By: Ian John
In 2015, Datum held a high-level strategy session. The purpose of the meeting was to review the company’s ground rules, as well as define what our values, and our culture, should be.
This is what we did, and what we decided.
We sat down as a group and came up with a list of words, all written on Post-its, that we felt were most important for our company culture, and grouped them all together based on their meaning. Integrity is one that each of us chose, along with a lot of ideas that closely resemble integrity, i.e. honesty, trustworthiness.
My personal suggestions were: ownership, respect, attention to detail. I also suggested “lack of hierarchy” because, really, we’re not very hierarchical at Datum, and our teamwork operates out of that mentality.
After we finished, we eliminated the words and phrases that weren’t quite so important. We kept the “stronger” words.
These are some of them.
A speak-up culture
This kind of culture is one where someone makes a mistake they can feel comfortable saying “I’ve made a mistake.” It helps avoid a culture of blame, where employees are afraid to admit mistakes because someone will blame them, or fault them. In a speak-up culture, if someone sees something that can be changed or improved, we make them feel like they are someone who should be listened to.
This was the strongest expression of all the words that imply cooperation, teamwork, and collaboration–partnership conveys more meaning. Our focus on partnership behavior applies both internally and externally. We want to be partners with our clients in supplying them exactly what they need, they should feel like we’re an ally in their mission, not an obstacle. At Datum we try to work with people, not for people.
Like the others, “commitment” is on posters and motivational quotes around the office, and like the others it has to come from the top down.
Employees see how we act and will imitate that behavior, whether that behavior is laziness, positivity, or otherwise. We have to show by example. It’s not just commitment from employees to show up on time and do their jobs, but commitment also means us being committed to our employees, if someone has a sick child we commit to that employee. We commit to giving them the proper training and feedback channels. We must set them up for success. We should show our faith and confidence in the people around us by being committed to their careers.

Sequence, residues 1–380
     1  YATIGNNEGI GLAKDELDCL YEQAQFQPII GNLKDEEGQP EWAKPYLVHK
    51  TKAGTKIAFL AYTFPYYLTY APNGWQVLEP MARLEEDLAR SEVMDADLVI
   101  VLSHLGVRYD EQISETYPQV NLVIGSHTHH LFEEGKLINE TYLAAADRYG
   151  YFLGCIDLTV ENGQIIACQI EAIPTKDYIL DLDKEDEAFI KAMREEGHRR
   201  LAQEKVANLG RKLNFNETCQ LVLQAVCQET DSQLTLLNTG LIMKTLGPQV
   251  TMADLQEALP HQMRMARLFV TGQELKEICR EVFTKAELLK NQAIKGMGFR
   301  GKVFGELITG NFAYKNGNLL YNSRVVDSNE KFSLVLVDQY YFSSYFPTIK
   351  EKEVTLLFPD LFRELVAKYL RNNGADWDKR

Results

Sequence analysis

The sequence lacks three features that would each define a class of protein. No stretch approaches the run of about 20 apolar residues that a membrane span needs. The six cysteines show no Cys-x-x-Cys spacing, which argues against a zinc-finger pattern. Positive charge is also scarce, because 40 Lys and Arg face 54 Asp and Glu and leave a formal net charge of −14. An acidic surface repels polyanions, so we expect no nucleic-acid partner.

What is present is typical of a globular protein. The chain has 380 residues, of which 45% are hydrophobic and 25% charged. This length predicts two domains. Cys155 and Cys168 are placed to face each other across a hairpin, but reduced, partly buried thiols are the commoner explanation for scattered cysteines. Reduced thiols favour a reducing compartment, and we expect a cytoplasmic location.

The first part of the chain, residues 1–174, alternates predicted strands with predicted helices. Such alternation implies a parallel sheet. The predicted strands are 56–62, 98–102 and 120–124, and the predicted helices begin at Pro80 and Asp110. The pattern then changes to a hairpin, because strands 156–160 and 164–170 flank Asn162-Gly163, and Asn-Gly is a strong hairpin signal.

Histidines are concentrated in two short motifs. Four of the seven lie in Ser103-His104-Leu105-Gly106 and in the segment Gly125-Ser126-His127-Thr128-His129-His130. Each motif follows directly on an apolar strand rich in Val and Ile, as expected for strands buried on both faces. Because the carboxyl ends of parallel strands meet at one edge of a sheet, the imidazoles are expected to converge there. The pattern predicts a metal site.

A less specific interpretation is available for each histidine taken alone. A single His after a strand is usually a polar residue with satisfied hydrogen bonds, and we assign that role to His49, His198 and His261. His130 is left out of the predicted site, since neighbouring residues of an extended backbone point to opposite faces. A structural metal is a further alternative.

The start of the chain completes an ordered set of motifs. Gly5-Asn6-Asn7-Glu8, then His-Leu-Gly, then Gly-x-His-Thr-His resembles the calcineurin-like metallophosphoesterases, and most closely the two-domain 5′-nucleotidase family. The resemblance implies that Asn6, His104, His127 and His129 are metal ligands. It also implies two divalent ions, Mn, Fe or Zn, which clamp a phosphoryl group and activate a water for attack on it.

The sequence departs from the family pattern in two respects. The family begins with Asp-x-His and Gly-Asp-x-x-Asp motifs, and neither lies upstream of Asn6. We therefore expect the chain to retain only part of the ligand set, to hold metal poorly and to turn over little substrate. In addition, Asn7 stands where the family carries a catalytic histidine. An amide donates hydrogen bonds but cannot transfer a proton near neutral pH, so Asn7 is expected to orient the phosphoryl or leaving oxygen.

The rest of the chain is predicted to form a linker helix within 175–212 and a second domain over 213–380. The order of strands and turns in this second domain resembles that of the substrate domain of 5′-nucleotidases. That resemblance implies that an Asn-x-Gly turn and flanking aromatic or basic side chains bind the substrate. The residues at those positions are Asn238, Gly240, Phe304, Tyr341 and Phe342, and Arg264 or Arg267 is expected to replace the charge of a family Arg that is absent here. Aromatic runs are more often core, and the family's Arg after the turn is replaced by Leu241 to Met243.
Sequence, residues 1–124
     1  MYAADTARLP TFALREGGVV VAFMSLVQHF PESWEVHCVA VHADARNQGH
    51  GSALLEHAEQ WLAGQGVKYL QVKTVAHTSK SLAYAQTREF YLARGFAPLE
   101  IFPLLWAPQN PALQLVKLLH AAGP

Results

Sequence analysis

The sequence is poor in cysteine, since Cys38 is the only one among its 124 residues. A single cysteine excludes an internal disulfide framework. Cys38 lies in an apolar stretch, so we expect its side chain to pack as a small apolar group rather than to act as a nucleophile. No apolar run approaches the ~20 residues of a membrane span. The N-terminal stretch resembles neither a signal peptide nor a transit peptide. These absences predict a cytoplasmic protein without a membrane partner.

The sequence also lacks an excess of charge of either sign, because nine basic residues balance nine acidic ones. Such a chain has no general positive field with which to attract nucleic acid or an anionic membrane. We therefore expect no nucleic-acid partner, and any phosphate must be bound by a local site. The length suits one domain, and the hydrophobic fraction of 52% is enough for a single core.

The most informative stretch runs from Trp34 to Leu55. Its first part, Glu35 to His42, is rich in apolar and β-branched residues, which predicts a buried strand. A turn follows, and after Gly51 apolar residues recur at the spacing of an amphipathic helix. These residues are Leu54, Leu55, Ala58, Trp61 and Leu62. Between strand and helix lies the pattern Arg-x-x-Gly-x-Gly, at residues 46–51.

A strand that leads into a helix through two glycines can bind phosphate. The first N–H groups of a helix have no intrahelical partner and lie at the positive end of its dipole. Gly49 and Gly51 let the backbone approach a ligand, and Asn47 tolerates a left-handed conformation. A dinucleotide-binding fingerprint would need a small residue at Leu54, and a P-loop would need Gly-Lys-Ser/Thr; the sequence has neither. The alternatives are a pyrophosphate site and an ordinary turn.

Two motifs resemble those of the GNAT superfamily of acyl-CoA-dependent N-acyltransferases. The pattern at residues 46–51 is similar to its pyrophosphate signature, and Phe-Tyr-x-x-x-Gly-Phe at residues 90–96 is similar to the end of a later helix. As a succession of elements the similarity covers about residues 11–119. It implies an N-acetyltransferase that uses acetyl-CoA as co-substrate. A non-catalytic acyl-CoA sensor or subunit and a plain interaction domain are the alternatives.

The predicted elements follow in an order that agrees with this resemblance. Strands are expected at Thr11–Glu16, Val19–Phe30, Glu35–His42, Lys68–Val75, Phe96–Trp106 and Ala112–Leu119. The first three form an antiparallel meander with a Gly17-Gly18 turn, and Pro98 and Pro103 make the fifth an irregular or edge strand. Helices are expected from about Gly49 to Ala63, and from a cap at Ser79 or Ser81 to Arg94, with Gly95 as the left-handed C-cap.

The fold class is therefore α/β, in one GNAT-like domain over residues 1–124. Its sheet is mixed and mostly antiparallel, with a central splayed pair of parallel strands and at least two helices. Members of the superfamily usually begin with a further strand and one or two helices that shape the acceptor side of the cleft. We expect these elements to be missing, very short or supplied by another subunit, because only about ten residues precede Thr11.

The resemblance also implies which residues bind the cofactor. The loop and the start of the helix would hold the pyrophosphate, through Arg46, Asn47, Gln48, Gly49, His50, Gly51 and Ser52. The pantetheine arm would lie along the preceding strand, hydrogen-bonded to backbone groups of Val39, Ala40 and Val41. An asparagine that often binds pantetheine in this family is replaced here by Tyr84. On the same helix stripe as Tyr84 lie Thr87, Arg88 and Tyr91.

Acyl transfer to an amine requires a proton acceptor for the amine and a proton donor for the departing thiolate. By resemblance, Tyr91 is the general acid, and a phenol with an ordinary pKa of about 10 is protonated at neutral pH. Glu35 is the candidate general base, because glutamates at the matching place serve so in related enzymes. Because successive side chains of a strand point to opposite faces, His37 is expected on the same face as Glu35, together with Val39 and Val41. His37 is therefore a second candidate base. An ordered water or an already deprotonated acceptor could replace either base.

I define this as The Mirror Test: If you make a decision, or do something, can you look at yourself in the mirror and say you’ve done the right thing?
This aspect of our culture should not be restricted to just business, but it should include who everyone is, both in and out of the office. The culture should spread to everyone with whom we have contact.
Our CEO, Ben Scott, has talked about this very often. There are always two sides to how we behave as individuals: internal and external. Our goal is that how we conduct ourselves to our coworkers, our family, and our customers, should be the same. Whenever someone meets with us, they should always get our “real” selves, no matter who they are.
We show our customers who we really are because we’re proud of it, not who we think they want to see. Our behavior is more important than the clean face we show our clients.
In the end, we have to trust people to make the right decisions. You have to rely on someone, micromanaging isn’t a viable path to success, especially when it comes to company culture. We need people we can trust and who can make decisions without us having to check up on them. That comes, however, with a list of expectations, and Datum is not shy about our expectations from our employees. Some of these expectations include:
-Always inquire. (This is one of Ben Scott’s personal expectations. We should always ask “why,” we should always challenge the question, or the assignment.)
-Never sit still.
-Always be learning something new.
Obviously they’re all closely linked, they’re all about not taking things at face value, and being willing to challenge and prepare yourself for anything; it’s expecting and wanting to challenge everything.
So, how well do we follow this culture?
Nobody is perfect. I think most people we work with at Datum actually share these values, they’re not imposed on them, but they actually live them and espouse them. We have people that have worked here for 20 years, we don’t really have high turnover across all our locations, all the regional cultures, all the languages. Because our company culture binds us all together.